Adam Yates has so far held his own against some much more experienced riders during this year's Tour de France. With the race now past its halfway point, the Orica-BikeExchange rider sits just behind Chris Froome in the GC and has a firm grip on the white jersey in the young rider classification.
Yates will resume battle in the overall and the young riders' competition when the Tour de France returns to the mountains during stage 12. When it does, he will be riding the, albeit shortened, Mont Ventoux climb for the first time in his career but doesn't appear too concerned with what he'll face.
"It's another mountain top finish, they're all pretty similar," he told Cyclingnews with a nonchalance that you wouldn't expect from someone who has never ridden Ventoux before. "This one's pretty famous but I've never been up so I can't really describe anything about it. We'll just try to get stuck in. If I have good legs, then I will try to do something, if not then I'll just try to hold on and save any seconds I can. That's all there is to it."
Wednesday's stage to Montpellier proved to be a more important day than one would have previously expected when looking at the profile. As the wind battered the course, and the race blew to pieces, several of the GC contenders found themselves in trouble. Yates made it through relatively unscathed, losing 16 seconds to Froome after the race leader escaped up the road in the final 10 kilometres. He said that his teammates had been very careful to keep him out of trouble.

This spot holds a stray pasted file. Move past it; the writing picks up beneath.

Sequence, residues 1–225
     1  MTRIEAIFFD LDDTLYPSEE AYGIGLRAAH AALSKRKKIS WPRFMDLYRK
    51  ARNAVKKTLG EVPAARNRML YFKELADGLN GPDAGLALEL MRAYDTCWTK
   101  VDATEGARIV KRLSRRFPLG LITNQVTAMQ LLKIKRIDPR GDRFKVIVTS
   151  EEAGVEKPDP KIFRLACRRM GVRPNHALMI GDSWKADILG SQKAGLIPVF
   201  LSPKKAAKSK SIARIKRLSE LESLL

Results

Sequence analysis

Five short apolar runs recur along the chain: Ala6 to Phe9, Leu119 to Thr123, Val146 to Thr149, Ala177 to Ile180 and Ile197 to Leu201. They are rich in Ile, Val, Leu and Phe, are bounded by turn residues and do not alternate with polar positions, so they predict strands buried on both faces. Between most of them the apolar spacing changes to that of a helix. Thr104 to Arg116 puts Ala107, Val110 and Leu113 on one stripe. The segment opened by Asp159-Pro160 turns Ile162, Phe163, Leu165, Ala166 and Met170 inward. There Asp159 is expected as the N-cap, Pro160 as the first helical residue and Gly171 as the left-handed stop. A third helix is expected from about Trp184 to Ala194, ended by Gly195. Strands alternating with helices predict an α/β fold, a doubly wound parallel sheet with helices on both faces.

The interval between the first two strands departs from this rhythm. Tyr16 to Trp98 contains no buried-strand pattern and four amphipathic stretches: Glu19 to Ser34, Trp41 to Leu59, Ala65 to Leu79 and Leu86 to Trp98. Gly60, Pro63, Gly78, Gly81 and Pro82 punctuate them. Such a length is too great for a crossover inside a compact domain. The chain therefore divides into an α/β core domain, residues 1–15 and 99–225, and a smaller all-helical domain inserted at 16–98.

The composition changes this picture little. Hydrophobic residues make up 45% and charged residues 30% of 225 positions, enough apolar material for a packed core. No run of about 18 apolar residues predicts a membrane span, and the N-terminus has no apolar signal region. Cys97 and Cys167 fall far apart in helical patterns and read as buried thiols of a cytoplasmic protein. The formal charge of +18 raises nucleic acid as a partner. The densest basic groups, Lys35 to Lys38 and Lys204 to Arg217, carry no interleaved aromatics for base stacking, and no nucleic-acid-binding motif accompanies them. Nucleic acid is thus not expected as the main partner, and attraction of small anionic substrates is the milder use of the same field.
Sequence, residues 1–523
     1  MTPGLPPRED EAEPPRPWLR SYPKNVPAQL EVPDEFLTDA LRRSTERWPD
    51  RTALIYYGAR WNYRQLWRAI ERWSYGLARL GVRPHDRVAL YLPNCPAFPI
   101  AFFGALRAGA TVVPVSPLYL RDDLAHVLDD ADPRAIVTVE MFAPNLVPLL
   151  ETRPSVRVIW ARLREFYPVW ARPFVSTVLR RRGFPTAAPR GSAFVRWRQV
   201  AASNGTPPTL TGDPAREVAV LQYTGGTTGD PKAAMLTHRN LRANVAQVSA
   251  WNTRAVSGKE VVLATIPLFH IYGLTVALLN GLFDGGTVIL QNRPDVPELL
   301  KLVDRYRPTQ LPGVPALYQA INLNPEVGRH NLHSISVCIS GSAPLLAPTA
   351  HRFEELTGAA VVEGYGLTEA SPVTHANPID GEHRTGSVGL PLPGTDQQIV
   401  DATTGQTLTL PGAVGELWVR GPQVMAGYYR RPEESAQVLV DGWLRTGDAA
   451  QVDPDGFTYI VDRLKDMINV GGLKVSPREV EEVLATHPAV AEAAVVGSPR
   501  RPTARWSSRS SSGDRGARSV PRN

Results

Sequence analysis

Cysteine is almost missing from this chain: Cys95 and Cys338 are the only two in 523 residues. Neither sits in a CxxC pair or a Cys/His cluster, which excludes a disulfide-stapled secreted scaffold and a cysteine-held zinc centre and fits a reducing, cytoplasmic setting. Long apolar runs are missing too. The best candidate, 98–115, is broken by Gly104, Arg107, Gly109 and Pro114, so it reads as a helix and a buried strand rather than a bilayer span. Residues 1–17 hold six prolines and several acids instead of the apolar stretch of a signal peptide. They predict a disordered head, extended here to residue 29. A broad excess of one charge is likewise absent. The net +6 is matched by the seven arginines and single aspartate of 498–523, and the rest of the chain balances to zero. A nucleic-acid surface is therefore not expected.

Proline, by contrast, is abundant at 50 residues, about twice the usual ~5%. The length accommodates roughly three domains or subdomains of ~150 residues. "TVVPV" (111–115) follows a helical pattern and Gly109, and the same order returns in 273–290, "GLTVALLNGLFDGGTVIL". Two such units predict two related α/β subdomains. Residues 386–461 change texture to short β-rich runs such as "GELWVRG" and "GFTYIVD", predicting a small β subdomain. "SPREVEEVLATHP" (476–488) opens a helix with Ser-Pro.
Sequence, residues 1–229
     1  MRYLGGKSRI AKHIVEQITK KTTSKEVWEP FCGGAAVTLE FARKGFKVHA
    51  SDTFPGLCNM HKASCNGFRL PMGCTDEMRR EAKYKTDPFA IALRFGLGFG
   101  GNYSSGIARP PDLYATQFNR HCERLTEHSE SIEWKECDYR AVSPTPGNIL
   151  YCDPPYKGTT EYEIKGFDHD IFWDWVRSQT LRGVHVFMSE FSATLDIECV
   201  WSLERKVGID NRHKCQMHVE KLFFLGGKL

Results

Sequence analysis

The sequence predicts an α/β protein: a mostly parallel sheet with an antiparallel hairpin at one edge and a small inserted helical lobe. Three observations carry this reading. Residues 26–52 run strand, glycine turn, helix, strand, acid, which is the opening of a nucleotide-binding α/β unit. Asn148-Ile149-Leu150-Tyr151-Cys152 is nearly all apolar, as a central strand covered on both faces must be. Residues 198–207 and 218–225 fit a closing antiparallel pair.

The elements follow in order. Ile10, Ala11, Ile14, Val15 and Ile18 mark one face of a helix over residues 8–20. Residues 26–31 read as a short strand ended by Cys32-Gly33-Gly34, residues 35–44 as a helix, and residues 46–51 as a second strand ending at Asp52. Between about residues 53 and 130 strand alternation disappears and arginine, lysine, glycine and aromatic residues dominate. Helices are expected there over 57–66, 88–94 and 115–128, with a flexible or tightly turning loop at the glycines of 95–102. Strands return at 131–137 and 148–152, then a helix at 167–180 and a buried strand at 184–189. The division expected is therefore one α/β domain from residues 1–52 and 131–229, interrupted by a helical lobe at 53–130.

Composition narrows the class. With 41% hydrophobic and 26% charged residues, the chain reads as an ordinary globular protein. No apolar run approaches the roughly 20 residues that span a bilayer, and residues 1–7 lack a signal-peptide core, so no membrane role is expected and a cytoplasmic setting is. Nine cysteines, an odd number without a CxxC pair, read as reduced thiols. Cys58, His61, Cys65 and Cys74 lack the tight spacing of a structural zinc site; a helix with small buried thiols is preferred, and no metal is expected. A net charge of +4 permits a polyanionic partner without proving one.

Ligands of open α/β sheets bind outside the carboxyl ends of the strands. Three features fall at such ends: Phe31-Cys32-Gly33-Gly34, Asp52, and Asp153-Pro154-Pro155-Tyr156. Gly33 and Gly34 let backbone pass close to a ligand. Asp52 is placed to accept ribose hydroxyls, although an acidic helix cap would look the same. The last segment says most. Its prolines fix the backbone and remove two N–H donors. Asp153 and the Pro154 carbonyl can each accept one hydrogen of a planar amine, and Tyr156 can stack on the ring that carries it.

"It was pretty hectic, but it was ok because I had all the guys around me from the team, especially Mat Hayman and Chris Juul-Jenson," said Yates. "As soon as you went into the wind and there was a slight little breeze, they were there riding. I was happy there, and I got through fine, onto tomorrow and a mountain top finish."
Yates said that he was not surprised that Froome had decided to go on what was expected to be a sprint finish. "If you have the opportunity to attack you do it," said Yates. "It's the Tour de France. You don't get a stage for free or seconds for free. If you get an opportunity to gain some time, then you take it, and he keeps doing it."
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Born in Ireland to a cycling family and later moved to the Isle of Man, so there was no surprise when I got into the sport. Studied sports journalism at university before going on to do a Masters in sports broadcast. After university I spent three months interning at Eurosport, where I covered the Tour de France. In 2012 I started at Procycling Magazine, before becoming the deputy editor of Procycling Week. I then joined Cyclingnews, in December 2013.
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